A Muslim friend once came to me for advice. She was having trouble completing her five daily prayers and was wondering if I had any suggestions to get her back on track. While telling me her feelings about the matter, she kept interrupting herself with phrases such as, “I’m sure you always pray on time,” and, “Please don’t think badly of me for this.”
I was flattered she trusted me with such a personal matter, but I was also saddened by how embarrassed she felt while telling me her story. Contrary to what she thought, my ability to give her advice on the subject came not from my supposed religious authority but from my prior struggles with the very same thing.
She had nothing to be embarrassed about in front of me. Although I wear a headscarf and she does not, I did not feel religiously superior to her in any way. I knew that, although she was having trouble praying, she showed her religious devotion in other ways. They just were not as visual as my headscarf is.
Nobody ever asks me about how strong my faith is. They look at my hijab and think that somebody who is willing to put her faith on display like that must be religious.
I wonder if anybody has ever considered that maybe I am struggling with my faith. Maybe there are things about faith that confuse and elude me. Maybe I could occasionally use their religious advice rather than the other way around.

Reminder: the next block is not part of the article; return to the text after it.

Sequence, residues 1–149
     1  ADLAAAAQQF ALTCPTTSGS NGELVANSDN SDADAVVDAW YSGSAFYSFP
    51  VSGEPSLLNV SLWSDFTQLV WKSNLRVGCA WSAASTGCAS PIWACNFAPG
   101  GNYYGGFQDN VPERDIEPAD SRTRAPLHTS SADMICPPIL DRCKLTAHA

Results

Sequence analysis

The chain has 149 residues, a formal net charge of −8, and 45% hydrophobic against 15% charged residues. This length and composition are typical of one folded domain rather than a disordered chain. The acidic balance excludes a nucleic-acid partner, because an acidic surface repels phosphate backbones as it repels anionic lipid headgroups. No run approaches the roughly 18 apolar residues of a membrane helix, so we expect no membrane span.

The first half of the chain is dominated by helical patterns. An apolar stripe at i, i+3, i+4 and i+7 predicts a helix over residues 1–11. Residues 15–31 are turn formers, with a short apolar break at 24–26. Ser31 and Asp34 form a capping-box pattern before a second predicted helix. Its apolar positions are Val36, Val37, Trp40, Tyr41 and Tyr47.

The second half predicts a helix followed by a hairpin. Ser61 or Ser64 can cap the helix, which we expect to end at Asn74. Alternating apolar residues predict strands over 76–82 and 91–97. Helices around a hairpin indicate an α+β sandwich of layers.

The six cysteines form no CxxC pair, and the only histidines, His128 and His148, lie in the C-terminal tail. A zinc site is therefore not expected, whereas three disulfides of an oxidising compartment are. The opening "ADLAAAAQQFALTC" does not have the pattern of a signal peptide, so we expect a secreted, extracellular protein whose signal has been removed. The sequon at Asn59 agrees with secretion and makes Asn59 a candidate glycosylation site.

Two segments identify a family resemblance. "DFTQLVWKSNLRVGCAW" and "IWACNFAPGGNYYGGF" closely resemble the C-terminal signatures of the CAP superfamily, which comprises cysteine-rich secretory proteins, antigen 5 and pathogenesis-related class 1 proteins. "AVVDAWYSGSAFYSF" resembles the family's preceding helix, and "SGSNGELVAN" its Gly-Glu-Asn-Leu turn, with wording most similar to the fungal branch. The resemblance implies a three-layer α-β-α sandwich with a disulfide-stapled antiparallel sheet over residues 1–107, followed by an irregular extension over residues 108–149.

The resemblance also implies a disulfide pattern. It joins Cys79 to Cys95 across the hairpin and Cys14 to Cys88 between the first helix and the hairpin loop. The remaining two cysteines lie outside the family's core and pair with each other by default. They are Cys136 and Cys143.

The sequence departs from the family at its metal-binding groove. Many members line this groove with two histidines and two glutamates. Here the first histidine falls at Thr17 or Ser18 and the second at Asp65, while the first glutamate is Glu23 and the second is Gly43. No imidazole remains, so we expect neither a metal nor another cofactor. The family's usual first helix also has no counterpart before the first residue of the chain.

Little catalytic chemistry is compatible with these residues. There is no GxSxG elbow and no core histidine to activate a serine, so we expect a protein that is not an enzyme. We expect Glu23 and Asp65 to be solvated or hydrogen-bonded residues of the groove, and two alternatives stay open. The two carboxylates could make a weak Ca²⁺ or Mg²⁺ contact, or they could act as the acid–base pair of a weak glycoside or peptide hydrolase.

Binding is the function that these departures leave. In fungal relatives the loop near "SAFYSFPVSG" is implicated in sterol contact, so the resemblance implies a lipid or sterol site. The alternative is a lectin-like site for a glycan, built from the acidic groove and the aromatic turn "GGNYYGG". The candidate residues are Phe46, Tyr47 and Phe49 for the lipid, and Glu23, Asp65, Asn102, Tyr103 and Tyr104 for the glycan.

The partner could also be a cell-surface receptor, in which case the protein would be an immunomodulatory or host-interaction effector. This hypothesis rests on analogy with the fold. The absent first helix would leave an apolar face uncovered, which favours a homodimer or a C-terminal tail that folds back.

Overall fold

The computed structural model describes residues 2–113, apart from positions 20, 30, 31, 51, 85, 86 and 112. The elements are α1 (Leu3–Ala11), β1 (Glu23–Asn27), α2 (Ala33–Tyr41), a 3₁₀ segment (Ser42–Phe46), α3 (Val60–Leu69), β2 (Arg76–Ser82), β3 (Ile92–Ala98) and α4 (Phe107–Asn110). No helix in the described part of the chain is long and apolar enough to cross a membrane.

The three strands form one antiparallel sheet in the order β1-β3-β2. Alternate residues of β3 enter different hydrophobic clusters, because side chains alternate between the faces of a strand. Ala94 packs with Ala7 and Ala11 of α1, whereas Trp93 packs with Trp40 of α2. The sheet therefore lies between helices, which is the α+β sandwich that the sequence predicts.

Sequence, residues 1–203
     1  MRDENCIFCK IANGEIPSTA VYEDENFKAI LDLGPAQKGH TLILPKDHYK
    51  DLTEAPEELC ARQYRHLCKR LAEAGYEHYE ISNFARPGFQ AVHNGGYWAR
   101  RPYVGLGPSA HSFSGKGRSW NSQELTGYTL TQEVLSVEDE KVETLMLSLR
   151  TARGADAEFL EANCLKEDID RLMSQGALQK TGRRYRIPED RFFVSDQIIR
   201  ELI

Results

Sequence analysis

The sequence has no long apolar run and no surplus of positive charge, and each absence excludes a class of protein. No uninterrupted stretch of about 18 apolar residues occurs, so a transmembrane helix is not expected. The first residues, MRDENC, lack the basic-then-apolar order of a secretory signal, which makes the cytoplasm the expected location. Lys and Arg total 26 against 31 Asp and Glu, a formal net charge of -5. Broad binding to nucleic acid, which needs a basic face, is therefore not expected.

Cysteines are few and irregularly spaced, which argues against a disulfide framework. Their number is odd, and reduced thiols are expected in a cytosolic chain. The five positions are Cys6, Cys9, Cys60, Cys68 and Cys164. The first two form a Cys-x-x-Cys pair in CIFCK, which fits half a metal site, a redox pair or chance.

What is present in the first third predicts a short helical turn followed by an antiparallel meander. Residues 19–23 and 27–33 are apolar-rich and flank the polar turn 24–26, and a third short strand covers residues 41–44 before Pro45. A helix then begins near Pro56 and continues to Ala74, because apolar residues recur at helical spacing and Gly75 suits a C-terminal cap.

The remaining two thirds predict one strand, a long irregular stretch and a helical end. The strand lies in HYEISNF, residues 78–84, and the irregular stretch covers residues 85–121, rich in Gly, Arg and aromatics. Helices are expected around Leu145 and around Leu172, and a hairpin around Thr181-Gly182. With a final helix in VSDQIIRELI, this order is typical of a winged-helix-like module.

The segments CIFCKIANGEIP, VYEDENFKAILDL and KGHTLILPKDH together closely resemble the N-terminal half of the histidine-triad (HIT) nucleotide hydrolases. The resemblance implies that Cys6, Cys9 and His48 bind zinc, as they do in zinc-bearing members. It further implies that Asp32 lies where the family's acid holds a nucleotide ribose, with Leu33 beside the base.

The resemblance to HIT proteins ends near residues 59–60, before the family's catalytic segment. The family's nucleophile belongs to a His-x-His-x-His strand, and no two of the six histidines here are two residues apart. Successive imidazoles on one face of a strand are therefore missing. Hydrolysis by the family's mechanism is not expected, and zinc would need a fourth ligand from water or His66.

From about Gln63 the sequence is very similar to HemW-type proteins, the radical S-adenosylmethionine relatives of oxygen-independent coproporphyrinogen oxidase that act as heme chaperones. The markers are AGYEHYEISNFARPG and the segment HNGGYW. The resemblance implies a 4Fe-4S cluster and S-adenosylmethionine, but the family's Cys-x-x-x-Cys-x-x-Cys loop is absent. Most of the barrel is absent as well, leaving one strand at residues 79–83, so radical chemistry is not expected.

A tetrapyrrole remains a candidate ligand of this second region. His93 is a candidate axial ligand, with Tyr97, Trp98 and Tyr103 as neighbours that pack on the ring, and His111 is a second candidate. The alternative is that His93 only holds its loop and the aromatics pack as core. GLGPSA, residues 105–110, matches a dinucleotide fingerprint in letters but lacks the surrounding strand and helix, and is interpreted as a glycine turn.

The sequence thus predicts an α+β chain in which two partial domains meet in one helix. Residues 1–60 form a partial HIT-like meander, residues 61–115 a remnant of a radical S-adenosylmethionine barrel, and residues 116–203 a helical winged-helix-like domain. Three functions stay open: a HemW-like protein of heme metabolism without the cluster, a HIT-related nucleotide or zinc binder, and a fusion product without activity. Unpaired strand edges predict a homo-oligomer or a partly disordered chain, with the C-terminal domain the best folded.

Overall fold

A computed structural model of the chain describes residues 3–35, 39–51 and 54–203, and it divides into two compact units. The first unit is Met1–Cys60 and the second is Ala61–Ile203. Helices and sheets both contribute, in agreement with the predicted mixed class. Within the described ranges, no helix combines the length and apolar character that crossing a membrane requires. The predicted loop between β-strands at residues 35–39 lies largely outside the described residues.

Because sometimes I am confused, and sometimes I do struggle with my faith.
The barista took my order, glancing away as I adjusted my scarf.
I am not normally a self-conscious person. I do not usually spend time thinking about what others think of me, what they think of my headscarf. But sometimes I cannot help but think about what the woman in the elevator sees when she glances at me and quickly looks away throughout our brief trip together, or what that parent thinks as he hurriedly pulls his child away from the good-natured staring contest we started at the grocery store. I cannot help but notice the car that was idling in the Luskin Conference Center turnaround speed up to pass me and then slow down to ask the person three feet in front of me for directions to Pauley Pavilion.
Then I start to wonder if my behavior seems too aggressive. I have never been very bubbly or friendly around strangers, but I start to wonder if I should change that. Should I have smiled more when I ordered my chai latte? Could my walk somehow be calmer?
Most of the time when I start thinking these thoughts, I am quick to laugh at my foolishness. Why am I thinking about whether my walk is too aggressive? It is ridiculous to think that I should make myself less assertive because of how I dress.
However, there are times I cannot shake these thoughts so easily, because I know there are people out there who consider my every action to be offensive simply because I wear a piece of fabric around my head.